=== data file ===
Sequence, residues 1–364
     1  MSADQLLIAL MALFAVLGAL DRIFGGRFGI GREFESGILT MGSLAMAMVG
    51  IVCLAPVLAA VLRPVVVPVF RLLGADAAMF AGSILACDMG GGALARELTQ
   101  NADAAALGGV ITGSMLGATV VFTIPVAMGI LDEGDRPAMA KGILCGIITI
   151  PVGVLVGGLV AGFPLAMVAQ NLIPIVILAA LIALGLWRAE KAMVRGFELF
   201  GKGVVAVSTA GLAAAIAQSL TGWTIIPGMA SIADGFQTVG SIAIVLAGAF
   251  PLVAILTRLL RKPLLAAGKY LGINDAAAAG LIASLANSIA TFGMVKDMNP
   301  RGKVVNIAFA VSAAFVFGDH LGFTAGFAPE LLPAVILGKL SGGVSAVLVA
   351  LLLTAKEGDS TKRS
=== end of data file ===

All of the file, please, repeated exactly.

Sequence, residues 1–364
     1  MSADQLLIAL MALFAVLGAL DRIFGGRFGI GREFESGILT MGSLAMAMVG
    51  IVCLAPVLAA VLRPVVVPVF RLLGADAAMF AGSILACDMG GGALARELTQ
   101  NADAAALGGV ITGSMLGATV VFTIPVAMGI LDEGDRPAMA KGILCGIITI
   151  PVGVLVGGLV AGFPLAMVAQ NLIPIVILAA LIALGLWRAE KAMVRGFELF
   201  GKGVVAVSTA GLAAAIAQSL TGWTIIPGMA SIADGFQTVG SIAIVLAGAF
   251  PLVAILTRLL RKPLLAAGKY LGINDAAAAG LIASLANSIA TFGMVKDMNP
   301  RGKVVNIAFA VSAAFVFGDH LGFTAGFAPE LLPAVILGKL SGGVSAVLVA
   351  LLLTAKEGDS TKRS